King Gizzard And The Lizard Wizard Raises Funds For Native Community With Noongar Version Of ‘Butterfly 3000’

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King Gizzard And The Lizard Wizard have announced 11 new translations of their ‘Butterfly 3000’ album, including one in Western Australia’s native language, Noongar.

The group delivered “Butterfly 3000” – their 18th studio album, and the second of 2021 after “LW” – last June. Its initial vinyl release was hit in 11 variations, with all text on the album packaging, liner notes and lyric sheet translated into Hindi, Dutch, French, German, Japanese, Mandarin, Russian, Spanish, Thai and Turkish. These were released in addition to the standard English version, and all versions on the album itself are sung in English.

Today (June 28), King Gizzard announced a new pressing of the record in 11 more languages: Portuguese, Italian, Welsh, Indonesian, Serbian, Greek, Swedish, Polish, Korean, Latin and Noongar. All new pressings saw the band working directly with fans around the world, to ensure the translations were accurate.

All new releases are available to buy now from the band’s Gizzverse online store – most are limited to 1,500 copies, with the exception of the Portuguese ‘Borboletta 3000’ (limited to 2,500), the Italian ‘Farfalla 3000’ (2000) and Noongar ‘Bindi-Bindi 3000’ (500). The latest variant will be exclusive to the Australian online store, with all proceeds from sales to be donated to the Langford Aboriginal Association (LAA).

The Noongar language is made up of 14 dialects and covers a wide range of varying spellings and intonations. “Bindi-Bindi 3000” was translated by family members who have direct ties to the LAA – which, according to its website, is a community-based nonprofit organization that “provides programs to benefit Indigenous and local non-Aboriginals. community” throughout the Perth metropolitan area.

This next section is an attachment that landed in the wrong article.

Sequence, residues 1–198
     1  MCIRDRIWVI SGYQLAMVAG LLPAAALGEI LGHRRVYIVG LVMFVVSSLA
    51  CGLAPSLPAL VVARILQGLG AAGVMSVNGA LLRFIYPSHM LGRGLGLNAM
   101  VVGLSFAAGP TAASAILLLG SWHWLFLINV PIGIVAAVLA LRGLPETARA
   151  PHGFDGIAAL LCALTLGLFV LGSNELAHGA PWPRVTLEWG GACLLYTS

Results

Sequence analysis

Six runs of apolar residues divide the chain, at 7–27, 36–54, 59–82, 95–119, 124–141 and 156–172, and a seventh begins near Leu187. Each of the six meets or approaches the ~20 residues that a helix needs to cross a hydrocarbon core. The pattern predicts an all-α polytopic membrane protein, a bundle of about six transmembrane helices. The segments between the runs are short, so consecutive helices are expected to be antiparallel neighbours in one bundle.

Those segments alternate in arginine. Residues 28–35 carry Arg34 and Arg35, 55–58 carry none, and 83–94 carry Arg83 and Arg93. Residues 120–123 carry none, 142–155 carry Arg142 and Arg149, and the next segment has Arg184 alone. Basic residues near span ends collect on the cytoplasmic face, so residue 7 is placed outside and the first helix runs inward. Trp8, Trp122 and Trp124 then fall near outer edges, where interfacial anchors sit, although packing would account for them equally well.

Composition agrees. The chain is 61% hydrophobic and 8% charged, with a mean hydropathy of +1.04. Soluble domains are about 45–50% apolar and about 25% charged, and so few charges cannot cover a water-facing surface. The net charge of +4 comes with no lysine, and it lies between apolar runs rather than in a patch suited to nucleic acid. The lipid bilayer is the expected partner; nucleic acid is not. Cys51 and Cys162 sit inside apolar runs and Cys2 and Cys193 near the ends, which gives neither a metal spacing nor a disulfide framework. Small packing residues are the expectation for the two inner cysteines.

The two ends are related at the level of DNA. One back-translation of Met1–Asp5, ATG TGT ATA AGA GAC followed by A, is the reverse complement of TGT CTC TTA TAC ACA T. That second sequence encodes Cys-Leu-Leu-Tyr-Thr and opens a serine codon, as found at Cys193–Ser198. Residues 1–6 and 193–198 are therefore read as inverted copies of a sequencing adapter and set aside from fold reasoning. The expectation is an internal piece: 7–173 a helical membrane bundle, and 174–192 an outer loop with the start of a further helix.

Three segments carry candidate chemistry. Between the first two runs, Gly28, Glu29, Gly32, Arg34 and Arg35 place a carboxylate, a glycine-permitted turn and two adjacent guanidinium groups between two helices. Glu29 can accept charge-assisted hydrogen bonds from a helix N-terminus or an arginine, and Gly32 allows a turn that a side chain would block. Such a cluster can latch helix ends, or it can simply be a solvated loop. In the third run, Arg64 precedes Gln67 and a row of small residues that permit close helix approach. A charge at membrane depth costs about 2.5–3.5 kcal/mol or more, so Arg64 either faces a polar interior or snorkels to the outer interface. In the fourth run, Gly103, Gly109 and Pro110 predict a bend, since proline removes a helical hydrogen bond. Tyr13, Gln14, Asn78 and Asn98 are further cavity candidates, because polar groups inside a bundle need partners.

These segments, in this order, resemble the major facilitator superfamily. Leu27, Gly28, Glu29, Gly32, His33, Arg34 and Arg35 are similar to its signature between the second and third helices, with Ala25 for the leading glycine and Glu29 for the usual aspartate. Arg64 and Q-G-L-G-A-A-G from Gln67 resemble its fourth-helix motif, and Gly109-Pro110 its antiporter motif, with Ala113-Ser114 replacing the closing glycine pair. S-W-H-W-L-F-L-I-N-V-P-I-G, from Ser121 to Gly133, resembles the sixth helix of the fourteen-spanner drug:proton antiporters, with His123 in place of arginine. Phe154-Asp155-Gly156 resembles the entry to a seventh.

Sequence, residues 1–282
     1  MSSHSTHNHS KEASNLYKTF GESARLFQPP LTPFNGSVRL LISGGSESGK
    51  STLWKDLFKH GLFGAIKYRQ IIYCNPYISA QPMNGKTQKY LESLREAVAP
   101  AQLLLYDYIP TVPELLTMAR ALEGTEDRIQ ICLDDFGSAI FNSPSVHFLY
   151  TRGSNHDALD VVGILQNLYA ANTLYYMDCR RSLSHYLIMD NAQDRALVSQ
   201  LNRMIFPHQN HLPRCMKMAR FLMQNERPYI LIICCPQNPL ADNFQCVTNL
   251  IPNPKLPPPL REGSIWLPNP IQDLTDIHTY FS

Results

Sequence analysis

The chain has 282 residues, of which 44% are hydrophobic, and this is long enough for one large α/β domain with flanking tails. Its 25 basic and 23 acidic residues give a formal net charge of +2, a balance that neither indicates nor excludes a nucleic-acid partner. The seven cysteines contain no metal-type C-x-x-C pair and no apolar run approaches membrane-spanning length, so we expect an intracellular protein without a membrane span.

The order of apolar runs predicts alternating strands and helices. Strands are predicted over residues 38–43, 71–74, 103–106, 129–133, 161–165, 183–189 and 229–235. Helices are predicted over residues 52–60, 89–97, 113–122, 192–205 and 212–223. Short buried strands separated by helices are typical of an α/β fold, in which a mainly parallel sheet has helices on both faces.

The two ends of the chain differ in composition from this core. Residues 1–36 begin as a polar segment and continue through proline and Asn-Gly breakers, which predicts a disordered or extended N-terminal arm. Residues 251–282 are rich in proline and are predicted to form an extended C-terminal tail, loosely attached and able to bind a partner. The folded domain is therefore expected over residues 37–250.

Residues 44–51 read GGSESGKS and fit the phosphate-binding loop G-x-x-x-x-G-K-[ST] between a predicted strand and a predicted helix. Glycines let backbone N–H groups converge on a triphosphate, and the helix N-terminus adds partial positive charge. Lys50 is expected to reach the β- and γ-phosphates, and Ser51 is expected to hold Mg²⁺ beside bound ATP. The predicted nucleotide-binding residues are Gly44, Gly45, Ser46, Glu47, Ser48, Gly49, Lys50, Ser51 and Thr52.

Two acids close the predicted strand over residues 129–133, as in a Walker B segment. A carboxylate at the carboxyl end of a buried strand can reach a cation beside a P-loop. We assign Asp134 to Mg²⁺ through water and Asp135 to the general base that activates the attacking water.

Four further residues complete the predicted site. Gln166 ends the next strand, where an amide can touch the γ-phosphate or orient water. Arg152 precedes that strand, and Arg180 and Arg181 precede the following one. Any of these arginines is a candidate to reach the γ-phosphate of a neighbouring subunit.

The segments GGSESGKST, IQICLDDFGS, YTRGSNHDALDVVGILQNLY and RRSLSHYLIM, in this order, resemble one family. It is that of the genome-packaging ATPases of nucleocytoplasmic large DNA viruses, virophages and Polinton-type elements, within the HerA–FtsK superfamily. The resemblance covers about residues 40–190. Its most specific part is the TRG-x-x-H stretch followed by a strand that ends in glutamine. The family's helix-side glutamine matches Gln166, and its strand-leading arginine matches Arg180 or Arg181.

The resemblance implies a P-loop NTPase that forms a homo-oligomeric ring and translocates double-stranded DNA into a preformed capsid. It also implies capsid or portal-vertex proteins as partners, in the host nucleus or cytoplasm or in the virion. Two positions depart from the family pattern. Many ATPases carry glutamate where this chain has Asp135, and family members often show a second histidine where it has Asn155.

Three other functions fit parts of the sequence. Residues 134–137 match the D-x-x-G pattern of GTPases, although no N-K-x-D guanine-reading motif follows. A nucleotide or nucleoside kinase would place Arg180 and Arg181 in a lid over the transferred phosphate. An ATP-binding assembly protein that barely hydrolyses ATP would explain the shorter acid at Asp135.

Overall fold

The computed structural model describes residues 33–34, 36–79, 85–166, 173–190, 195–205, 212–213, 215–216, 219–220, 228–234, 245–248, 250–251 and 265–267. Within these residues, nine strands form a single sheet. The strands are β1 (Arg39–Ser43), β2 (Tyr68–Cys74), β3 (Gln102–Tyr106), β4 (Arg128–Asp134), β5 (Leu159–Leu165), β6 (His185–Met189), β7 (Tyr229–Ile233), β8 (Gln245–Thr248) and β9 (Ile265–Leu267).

NME‘s Becky Rogers gave ‘Butterfly 3000’ a three-star review, writing, “Given they’re avowed music geeks, it’s no surprise that King Gizzard considered every element down to the mid-sentence time changes (‘Blue Morpho’) and dub-trance experimentation (‘2.02 Killer Year’). But this stereotypical approach lacks surprise – once you’ve got a few tunes, you’ve heard it all.

Last Monday, King Gizzard teased their 21st, 22nd and 23rd studio albums, telling fans that all three will arrive before the end of 2022. If they accomplish the feat, the band will have a total of five albums released in 2022: the vinyl-exclusive “Made In Timeland” was released in March, while “Omnium Gatherum” – their first double album – landed in April. It will also tie their record of five albums in one year from 2017.

Earlier this month, the band confirmed they had completed at least two of their upcoming albums, describing the material they contain as “jammy and twisty, kinda funky-prog-something”. In an interview with triple j, guitarist Joey Walker explained, “They’re kind of a response to the fact that we can’t get together and play during the lockdowns. It’s just jamming and the product of that.

Also in June, the group won the first Environmental Music Prize for their song “If Not Now, Then When?”. They received $20,000 for winning the title, which they then donated to The Wilderness Society. Speaking on the win, frontman Stu Mackenzie said the band were “so honoured” to have won the award. “It’s fantastic and deeply important for initiatives like this, to help build community around the fight against the climate crisis,” he said.

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